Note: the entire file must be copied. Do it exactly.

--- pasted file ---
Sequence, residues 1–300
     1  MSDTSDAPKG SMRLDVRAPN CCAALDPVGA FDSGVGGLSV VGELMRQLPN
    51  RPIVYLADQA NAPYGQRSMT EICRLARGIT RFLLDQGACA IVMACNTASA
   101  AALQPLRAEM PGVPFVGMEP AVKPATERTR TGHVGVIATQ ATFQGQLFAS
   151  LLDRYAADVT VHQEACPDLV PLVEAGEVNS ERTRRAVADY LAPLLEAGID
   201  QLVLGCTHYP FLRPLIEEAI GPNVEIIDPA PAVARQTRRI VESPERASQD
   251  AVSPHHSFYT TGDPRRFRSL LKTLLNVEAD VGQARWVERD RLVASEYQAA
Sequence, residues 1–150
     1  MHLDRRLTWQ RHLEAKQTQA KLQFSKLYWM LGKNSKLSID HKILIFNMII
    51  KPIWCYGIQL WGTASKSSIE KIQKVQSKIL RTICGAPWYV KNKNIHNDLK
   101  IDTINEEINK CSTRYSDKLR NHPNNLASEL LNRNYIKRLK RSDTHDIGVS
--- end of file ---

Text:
Sequence, residues 1–300
     1  MSDTSDAPKG SMRLDVRAPN CCAALDPVGA FDSGVGGLSV VGELMRQLPN
    51  RPIVYLADQA NAPYGQRSMT EICRLARGIT RFLLDQGACA IVMACNTASA
   101  AALQPLRAEM PGVPFVGMEP AVKPATERTR TGHVGVIATQ ATFQGQLFAS
   151  LLDRYAADVT VHQEACPDLV PLVEAGEVNS ERTRRAVADY LAPLLEAGID
   201  QLVLGCTHYP FLRPLIEEAI GPNVEIIDPA PAVARQTRRI VESPERASQD
   251  AVSPHHSFYT TGDPRRFRSL LKTLLNVEAD VGQARWVERD RLVASEYQAA
Sequence, residues 1–150
     1  MHLDRRLTWQ RHLEAKQTQA KLQFSKLYWM LGKNSKLSID HKILIFNMII
    51  KPIWCYGIQL WGTASKSSIE KIQKVQSKIL RTICGAPWYV KNKNIHNDLK
   101  IDTINEEINK CSTRYSDKLR NHPNNLASEL LNRNYIKRLK RSDTHDIGVS